As a first-time pageant contestant, Catherine Madziva, originally from Zimbabwe, was initially hesitant to explore uncharted waters. It wasn’t until the founder of Miss Sahara, Anyier Yuol, approached her randomly and asked her to compete.
Catherine was willing to accept the challenge after Anyier shared her own experiences while competing in pageants on an international level.
“In one particular pageant, she was in the top two, and one of the judges said something along the lines of ‘You were meant to be crowned for this, but Australia isn’t ready to have a black queen yet’,” says Catherine.
Catherine couldn’t turn down the opportunity when she realised that Miss Sahara was not just about winning a crown and a sash, but rather, the South-Sudanese founder aims to change the game in the mainstream beauty industry by promoting diversity and representation for all groups, particularly African women.
“What makes Miss Sahara different is the fact that you have to be of African descent to participate,” Catherine says. “The [expectation] of the night was that you have your traditional outfit. This is an entertainment element to showcase the diversity of Africa.”
With her reign in the pageant, her main goal was to promote diversity as the standard within the beauty community and industry – and not to be seen as the token girl.
When conversing with the other pageant contestants about their experiences in Australia’s beauty climate today, she found that the industry lacks genuine diversity and representation despite recent “progress”.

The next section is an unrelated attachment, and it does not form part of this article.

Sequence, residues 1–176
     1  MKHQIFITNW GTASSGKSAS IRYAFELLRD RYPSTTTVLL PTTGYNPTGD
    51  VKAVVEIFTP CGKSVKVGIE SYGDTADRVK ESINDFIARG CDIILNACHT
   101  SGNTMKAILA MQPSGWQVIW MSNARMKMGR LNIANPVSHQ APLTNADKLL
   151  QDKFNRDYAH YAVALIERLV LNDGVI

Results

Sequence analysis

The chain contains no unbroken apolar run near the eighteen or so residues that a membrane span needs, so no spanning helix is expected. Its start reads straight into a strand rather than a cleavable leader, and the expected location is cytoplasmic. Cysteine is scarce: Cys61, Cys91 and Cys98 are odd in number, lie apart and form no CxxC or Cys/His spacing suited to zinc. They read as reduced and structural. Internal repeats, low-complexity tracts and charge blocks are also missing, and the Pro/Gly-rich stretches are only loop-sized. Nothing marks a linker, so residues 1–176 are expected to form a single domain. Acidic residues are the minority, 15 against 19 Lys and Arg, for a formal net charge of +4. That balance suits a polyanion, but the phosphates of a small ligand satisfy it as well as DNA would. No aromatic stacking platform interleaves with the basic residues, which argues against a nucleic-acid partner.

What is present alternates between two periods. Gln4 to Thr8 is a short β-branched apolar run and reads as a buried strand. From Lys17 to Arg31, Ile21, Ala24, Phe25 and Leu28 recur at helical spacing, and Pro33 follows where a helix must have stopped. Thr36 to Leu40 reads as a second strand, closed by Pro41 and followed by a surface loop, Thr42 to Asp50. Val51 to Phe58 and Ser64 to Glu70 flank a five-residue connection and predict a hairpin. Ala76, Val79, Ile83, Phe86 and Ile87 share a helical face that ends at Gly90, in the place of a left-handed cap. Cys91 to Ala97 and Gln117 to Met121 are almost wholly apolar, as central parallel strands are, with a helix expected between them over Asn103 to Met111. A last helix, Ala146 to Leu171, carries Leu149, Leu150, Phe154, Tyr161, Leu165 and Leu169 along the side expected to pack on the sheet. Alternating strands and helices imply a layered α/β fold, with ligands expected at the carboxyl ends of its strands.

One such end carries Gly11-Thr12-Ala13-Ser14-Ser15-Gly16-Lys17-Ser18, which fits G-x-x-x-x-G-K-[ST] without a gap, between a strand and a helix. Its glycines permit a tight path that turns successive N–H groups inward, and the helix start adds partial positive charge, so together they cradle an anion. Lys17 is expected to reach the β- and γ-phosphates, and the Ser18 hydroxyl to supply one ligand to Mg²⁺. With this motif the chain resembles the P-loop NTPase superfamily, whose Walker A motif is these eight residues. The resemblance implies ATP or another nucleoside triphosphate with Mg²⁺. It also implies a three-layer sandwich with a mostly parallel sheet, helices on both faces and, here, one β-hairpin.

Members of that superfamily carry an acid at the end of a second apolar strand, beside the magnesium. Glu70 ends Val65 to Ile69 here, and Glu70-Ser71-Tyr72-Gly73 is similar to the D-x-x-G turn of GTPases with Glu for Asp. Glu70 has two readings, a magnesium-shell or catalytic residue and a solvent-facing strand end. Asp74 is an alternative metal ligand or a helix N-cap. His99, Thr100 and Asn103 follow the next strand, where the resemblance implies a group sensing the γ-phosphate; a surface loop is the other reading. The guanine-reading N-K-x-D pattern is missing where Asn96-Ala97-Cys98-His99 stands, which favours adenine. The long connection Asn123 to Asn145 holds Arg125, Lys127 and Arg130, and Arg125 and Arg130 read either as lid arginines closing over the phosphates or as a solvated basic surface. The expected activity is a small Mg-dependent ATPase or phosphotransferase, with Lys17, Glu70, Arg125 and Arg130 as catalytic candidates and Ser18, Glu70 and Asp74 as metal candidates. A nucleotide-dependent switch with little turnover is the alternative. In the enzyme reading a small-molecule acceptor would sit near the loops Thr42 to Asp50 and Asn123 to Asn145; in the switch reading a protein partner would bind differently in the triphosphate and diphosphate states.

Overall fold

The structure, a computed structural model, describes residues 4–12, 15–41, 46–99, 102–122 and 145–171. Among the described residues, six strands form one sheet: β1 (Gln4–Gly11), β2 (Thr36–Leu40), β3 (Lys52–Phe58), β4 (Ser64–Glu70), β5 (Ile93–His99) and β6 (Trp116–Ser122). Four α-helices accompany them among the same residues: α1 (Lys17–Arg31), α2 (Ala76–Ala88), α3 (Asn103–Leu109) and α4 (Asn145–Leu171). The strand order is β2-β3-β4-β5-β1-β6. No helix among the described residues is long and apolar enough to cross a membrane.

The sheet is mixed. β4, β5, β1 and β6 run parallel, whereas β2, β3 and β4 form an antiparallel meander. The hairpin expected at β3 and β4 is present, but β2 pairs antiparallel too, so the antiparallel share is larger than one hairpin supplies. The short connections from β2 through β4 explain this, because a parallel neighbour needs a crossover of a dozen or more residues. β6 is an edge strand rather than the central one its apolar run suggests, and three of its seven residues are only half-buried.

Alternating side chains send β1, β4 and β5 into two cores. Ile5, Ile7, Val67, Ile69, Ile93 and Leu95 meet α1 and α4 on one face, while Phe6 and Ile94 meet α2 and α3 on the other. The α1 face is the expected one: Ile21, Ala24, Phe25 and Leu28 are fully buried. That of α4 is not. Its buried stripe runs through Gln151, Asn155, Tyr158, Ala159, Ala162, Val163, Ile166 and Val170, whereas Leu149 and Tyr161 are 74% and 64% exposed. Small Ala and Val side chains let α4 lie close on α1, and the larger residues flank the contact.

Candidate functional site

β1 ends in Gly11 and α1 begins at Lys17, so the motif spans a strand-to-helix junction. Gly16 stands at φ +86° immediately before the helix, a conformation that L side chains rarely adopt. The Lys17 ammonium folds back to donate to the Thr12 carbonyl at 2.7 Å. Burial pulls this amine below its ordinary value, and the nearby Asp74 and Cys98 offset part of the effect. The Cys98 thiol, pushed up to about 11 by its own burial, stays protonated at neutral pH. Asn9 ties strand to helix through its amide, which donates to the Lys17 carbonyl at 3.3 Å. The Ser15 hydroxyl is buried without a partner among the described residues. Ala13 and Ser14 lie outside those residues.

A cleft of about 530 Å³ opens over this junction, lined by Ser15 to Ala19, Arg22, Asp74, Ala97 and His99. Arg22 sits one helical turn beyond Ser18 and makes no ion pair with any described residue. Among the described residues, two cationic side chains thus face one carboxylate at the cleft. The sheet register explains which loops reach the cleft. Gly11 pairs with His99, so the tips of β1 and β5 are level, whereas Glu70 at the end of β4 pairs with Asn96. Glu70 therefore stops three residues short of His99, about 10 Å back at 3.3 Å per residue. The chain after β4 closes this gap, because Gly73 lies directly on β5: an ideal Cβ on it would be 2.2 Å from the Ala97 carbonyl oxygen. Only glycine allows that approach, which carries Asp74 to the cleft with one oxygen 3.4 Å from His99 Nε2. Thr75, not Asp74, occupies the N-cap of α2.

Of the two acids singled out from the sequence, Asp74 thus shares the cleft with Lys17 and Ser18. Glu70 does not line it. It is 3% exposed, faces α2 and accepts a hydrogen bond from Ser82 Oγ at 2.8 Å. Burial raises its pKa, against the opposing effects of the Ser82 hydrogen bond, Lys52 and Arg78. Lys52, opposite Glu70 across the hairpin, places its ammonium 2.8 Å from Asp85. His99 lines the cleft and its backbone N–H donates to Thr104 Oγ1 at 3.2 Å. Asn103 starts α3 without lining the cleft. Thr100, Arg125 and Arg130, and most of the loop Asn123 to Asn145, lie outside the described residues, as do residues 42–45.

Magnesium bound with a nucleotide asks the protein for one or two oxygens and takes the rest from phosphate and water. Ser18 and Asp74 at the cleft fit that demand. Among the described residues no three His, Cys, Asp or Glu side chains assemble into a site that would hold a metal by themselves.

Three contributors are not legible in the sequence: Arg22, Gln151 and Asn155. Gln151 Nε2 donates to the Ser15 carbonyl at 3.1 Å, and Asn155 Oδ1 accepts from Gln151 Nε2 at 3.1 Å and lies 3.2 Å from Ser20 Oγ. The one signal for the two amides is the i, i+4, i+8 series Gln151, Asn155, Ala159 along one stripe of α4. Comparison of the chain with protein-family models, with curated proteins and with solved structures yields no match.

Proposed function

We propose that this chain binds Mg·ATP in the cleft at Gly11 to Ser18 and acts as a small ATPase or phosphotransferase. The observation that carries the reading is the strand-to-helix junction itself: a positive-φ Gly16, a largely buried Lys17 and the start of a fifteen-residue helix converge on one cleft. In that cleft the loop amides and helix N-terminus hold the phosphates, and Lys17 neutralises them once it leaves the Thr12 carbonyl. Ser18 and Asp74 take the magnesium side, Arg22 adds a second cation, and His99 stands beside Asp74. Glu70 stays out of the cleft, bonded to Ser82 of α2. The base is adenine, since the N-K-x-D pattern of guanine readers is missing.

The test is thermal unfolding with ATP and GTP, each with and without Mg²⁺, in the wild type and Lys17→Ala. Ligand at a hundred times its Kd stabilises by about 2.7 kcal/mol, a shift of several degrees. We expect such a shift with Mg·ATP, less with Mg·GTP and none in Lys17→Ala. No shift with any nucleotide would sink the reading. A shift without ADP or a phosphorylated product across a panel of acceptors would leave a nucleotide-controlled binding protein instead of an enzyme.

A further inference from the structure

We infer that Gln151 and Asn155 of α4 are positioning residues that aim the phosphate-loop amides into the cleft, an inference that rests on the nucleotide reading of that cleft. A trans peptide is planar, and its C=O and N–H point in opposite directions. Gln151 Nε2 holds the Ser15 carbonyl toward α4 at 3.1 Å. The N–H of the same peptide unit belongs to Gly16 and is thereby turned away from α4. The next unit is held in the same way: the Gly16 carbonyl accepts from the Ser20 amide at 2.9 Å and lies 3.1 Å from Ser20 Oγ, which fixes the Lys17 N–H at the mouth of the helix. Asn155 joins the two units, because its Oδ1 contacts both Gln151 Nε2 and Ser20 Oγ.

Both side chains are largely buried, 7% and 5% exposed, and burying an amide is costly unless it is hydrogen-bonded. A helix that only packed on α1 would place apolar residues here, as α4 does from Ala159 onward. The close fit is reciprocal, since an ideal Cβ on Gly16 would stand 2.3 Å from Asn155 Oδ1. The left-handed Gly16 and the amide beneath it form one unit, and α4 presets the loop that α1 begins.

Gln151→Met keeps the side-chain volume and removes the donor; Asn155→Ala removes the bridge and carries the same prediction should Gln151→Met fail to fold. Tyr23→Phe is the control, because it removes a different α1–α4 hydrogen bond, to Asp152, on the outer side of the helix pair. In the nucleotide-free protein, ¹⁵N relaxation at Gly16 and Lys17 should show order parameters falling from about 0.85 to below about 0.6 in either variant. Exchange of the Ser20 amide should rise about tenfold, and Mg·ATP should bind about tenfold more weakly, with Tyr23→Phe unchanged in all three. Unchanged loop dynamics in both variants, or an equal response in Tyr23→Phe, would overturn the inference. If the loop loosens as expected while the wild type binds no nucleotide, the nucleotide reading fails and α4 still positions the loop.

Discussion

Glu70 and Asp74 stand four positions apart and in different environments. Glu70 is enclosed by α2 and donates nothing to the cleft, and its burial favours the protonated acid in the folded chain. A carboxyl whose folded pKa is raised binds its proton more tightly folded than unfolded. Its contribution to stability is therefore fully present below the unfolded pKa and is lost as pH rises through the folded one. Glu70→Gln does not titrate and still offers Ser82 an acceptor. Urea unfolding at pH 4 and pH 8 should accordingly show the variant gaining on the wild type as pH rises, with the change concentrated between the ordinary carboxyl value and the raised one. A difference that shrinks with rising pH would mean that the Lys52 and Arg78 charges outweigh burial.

“They’ll go to modelling agencies and be like ‘We already have a black girl’ … Okay? Well then have another one,” she says.
When envisioning what representation should be like in terms of media, government, beauty, and film and television, Catherine refers to the types of people you see on a train.
“On a train, you will see young and old, you will see black, white, yellow … You will see people with disabilities and all walks of life. That’s what we should be seeing,” she says.
Catherine’s desire to help and inspire others worked concurrently with her degree and occupation in social work. She enjoys the “indirect” side of social work, involving policies and procedures around people’s wellbeing.
Rather than actively working with people, such as working for Family and Community Services or a youth shelter, she says she enjoys, “looking at the bigger picture” and ensuring “the infrastructures that people live in are equitable.”
Since her reign in the pageant, the main thing that she hopes to achieve is creating a sister-hood and a safe space for women.
To promote this, she created a “girls chat” at her house every two months, where women of different expertise, generations and occupations impart their knowledge. “The idea came about when I was asking my mum questions about my life, whether it was to do with boys, money, finance, travelling, studies – anything,” she says.
Previously, speakers and guests have included female experts in finance and relationships educating and providing advice, hairstylists facilitating workshops, and filmmakers talking about why it is important to have conversations about racism and discrimination in Australia.
“The saying is when you educate a man, you educate a man. But when you educate a woman, you’re educating a village,” Catherine says.
Catherine shares that Miss Sahara gave her the platform to network with certain people.
With the positive changes and opportunities that the pageant has provided for Catherine, she hopes to use her platform and resources to facilitate a greater purpose.
“Because at the end of the day, that’s what we’re here for. I think we need to use the talents and resources we have, and those around us to benefit the lives of other people.”
For more information on Miss Sahara Beauty Pageant, click here.